The Ministry of Environment and Forestry is fine tuning the National Sustainable Waste Management Bill which aims at cutting down waste by 95 per cent.
Principal Secretary in the ministry Dr. Chris Kiptoo said currently Kenya currently generates 22,000 tons of waste daily, out of which 60 per cent comprises organic material, while 35 percent and 5 percent includes recyclable and non-recyclable matter respectively.
Under the new policy, counties will ensure waste is segregated at source before service providers move them to materials recovery facilities, where sorting, selling and treatment is done.
Five per cent of the waste will be incinerated, 30 per cent recycled, while 60 per cent will be turned into manure. Only five per cent will go to landfills. The proposed legislation seeks to promote green entrepreneurship, technology transfer, green jobs and wealth creation by creating value from waste.
Speaking at the Nakuru Level 5 Hospital Thursday, where he received medical disposal and management equipment from the United Nations Development Program (UNDP), the PS said once enacted into law, the policy will redefine waste as a contributor to an economic growth opportunity rather than a problem.
Dr. Kiptoo noted that the Nakuru Level 5 hospital was currently discharging between one and half and two tons of medical waste daily.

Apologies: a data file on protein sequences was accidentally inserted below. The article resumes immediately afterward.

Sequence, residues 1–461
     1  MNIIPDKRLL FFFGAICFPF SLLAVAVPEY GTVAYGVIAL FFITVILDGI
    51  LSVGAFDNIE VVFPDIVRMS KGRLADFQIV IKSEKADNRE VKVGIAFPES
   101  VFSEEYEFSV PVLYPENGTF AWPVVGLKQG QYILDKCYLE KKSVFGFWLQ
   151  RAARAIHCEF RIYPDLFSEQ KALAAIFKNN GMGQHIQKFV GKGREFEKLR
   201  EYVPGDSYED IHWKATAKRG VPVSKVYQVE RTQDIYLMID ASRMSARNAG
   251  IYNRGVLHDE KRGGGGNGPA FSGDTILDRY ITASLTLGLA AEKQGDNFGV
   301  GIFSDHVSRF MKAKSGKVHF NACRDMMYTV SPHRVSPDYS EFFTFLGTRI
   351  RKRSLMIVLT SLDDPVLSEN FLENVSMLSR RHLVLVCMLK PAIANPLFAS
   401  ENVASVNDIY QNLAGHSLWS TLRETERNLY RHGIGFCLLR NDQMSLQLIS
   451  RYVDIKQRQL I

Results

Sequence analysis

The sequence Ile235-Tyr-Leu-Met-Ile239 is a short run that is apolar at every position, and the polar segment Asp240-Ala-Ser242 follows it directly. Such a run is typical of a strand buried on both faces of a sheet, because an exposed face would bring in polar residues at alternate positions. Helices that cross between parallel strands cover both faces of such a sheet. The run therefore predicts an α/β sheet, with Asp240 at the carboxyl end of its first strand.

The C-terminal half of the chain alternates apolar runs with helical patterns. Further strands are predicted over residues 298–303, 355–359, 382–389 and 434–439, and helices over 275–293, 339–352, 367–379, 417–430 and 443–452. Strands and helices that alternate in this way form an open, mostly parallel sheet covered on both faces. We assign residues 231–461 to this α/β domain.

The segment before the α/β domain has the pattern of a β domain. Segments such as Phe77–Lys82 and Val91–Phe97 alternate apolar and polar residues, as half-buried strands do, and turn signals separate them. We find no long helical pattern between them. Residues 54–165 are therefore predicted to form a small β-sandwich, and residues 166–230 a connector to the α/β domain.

He said the waste management policy, bill and strategy is guided by the circular economy on the 3Rs namely Reuse, Recycle and Reduce. The national government, said the PS, will develop regulations on the use of eco-friendly raw materials and cleaner production technologies.
“This is a principle which is a radical departure from the current practice where nobody wants to touch waste once generated but is transferred to dumpsites. Every citizen, corporate, county government and national government has a role to play. The move will create jobs along the waste management chain” he stated.
The PS, who was accompanied by County Governor Lee Kinyanjui and UNDP country representative Mr. Walid Badawi said there will be the designated sites for setting up waste recovery, recycling facilities and sanitary landfills for secure final disposal of non-recoverable waste.
Currently, the waste generated goes directly to dumpsites, which has resulted in massive growth of garbage mounds across the country.
Badawi said proper management of waste was an effective strategy in containing spread of respiratory diseases including Covid-19.
He said the donation that Nakuru County had received from UNDP would help to set up medical waste disposal facilities at the level 5 hospital, Molo and Naivasha Sub-County hospitals. The United Nations body has set aside Sh450 million for the program to be conducted in thirteen health facilities in Nairobi, Mombasa, Nakuru and Kisumu Counties.
Kinyanjui said 600,000 non reusable face masks were being disposed of, on daily basis in Nakuru posing a further challenge on the management of Covid-19 pandemic.
He said due to non-segregation of waste a significant proportion of the used masks was ending up at the county’s Giotto dumpsite on the outskirts of Nakuru town exposing thousands of residents of nearby estates to health hazards.
“Twenty five percent of the county’s 2.4 million residents have been using disposable face masks and discharging them into normal garbage. This has been ending up at the dumpsite where more than 200 families directly eke out their livelihood,” he said.
The governor further expressed concern that the dumped masks are sometimes washed and used heightening the risks of the virus spreading further.
By Jane Ngugi and Dennis Rasto